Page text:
Friday, July 4, 2014

7 Ways to Avoid Auto Repossession


Everyone has experienced a financial difficulty at one time or another. Maybe you lost your job, had an unexpected medial issue or expensive repairs on your vehicle. Regardless of the situation, few people can say that they have never had a month where they had to choose between bills. If you have experienced financial difficulty and were forced to miss a car payment, it doesn’t have to mean that you lose your car. Contrary to popular belief, no one wins in repossession. Studies from agencies like American Financial Services Association and Experian Automotive have estimated an average $8,000 loss to dealerships per repossession. The loan customer loses their vehicle and the
dealership ends up having to try to re-sell … frequently at a loss. Dealerships want you to make your payments, close your loan, and hopefully come back next time you need a vehicle. On average, an American will purchase twelve vehicles in their lifetime. Loan companies and dealerships would love for you to make all of those purchases with them, and repossessions only sever the customer relationship.  Your missed payment does not have to end in repossession. Auto lenders and dealerships are likely to work with you if you have a financial difficulty. Communication is paramount when dealing with your lender. Here are some tips to avoid losing your vehicle and defaulting on your loan.
  1. Ask For A Payment Extension - If you have a situation that is going to impact your ability to pay, call your lender immediately.  Dealerships and financial lenders will be much more likely to work with you if you communicate your situation as soon as possible. Be honest. If this is not a situation where one-time payment forgiveness will get you back on track, let them know so you can utilize other long-term options that may be available. If it is a temporary situation, ask for a payment extension. This will give you a few extra days to make your payment and get back on track.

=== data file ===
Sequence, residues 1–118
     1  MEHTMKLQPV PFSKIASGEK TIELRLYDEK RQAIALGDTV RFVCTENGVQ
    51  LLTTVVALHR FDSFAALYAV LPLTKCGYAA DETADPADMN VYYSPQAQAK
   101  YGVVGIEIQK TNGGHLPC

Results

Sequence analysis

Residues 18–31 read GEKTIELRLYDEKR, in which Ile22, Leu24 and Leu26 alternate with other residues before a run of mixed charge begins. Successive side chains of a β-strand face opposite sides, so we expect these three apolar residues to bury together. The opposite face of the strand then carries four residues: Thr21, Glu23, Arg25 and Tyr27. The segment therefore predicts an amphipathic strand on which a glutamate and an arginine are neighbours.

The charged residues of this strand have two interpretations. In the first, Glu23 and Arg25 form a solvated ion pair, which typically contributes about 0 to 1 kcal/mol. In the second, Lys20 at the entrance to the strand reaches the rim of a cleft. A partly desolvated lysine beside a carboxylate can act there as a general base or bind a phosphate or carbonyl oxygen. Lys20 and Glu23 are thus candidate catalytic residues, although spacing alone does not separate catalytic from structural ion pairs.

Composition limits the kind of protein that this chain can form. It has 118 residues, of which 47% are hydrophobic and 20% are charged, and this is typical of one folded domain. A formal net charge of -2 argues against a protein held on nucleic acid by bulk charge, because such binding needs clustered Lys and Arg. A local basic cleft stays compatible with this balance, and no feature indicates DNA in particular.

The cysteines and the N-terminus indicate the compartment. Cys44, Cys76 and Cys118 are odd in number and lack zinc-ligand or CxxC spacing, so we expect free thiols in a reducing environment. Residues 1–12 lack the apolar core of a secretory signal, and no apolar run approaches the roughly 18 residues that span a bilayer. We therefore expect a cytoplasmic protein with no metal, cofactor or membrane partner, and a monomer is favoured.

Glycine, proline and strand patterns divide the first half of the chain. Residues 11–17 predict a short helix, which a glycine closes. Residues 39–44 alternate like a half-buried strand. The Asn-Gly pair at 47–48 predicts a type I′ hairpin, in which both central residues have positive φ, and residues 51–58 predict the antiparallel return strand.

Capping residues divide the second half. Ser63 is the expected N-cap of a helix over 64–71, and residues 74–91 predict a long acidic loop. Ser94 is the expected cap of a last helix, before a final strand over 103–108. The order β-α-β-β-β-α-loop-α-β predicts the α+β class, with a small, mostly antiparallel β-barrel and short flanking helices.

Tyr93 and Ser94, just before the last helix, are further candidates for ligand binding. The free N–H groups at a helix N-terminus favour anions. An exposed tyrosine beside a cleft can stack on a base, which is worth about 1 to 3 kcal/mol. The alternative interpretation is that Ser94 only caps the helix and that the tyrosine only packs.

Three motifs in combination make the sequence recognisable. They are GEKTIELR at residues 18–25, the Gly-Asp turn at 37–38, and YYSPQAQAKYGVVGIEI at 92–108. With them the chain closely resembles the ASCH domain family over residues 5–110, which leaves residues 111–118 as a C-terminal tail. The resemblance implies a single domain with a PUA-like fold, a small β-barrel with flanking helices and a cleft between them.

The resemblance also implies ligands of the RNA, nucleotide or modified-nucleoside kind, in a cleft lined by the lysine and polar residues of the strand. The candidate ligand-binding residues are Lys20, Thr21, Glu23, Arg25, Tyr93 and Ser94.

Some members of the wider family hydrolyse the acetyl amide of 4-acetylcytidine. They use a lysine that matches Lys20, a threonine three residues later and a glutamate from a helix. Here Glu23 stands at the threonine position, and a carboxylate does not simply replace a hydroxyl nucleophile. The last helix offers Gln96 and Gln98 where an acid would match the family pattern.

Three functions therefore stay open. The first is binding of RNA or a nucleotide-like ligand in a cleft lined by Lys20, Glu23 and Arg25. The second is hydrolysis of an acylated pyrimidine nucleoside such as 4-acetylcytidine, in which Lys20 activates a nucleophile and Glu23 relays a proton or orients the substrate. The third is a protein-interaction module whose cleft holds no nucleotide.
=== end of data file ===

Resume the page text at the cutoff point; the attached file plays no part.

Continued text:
2.  Make an Agreement for Partial Payment – A partial payment can be a sign of good faith to the lender or dealership. Pay what you can and make an agreement to pay the rest on a specific date. Your lender may even waive any late fee if they have partial payment and an agreement for the remaining amount.
  3. Ask Your Lender to Change Your Due Date – Sometimes loan customers have changes in the way money flows in to the household. Maybe you got a new job and get paid on different days than you did when you started the loan. Maybe you have other bills that are near your car payment date and stretching the money isn’t working. Some lenders and dealerships will agree to change your payment date, disbursing payments more evenly throughout the month for you and making them easier to pay.
  4. Ask about Deferred Payments - Are you always just one payment behind? Maybe you got behind a few months ago and haven’t been able to catch up. Some lenders will allow you to defer a payment, effectively allowing you to skip a payment and add it to the end of the loan.
  5. Ask for Loan Modification – If your problem is serious or you are anticipating long-term financial trouble, your lender may agree to a modification of the terms. By extending your 24 month contract to a 36 month contract, you could lower your monthly installment payment significantly. You will likely pay additional interest by extending the loan, but it could prevent default and allow you to get back on track.
  6. Refinance Your Loan – Depending on your contract and lender, you may be able to completely refinance.  Especially if you communicated with your lender prior to missing payments, you may be eligible for a lower interest rate and better terms. Ask your lender if they offer a refinancing program.
  7. Trade-In or Sell the Vehicle – If all negotiation tactics fail with your lender or you simply can’t afford the vehicle anymore regardless of how significantly the loan is modified, trading in your vehicle could prevent costly damage to your credit or losing all equity you may have in the vehicle. Dealerships like ours will buy your car even if you have a current loan balance. You can either sell the vehicle outright or use the equity on your next, more affordable vehicle.


       Repossessions are negative for everyone involved. Communication with your lender can help you avoid disaster. Lenders like us want you to make your payments, close your loan and come back and buy another vehicle when the time comes.  The worst thing you can do is nothing, and the worst thing your lender can say is “no”. Most lenders will be willing to work with you to keep you in the contract. If you are in a situation where you can no longer afford your current vehicle, visit us on our website and use our trade appraisal form to get an offer on your vehicle. We will buy your car, even if you’re not buying from us. If you’re looking to get a more affordable vehicle, check out our inventory. We have many cars,trucks and SUVs and will give you the highest trade value possible.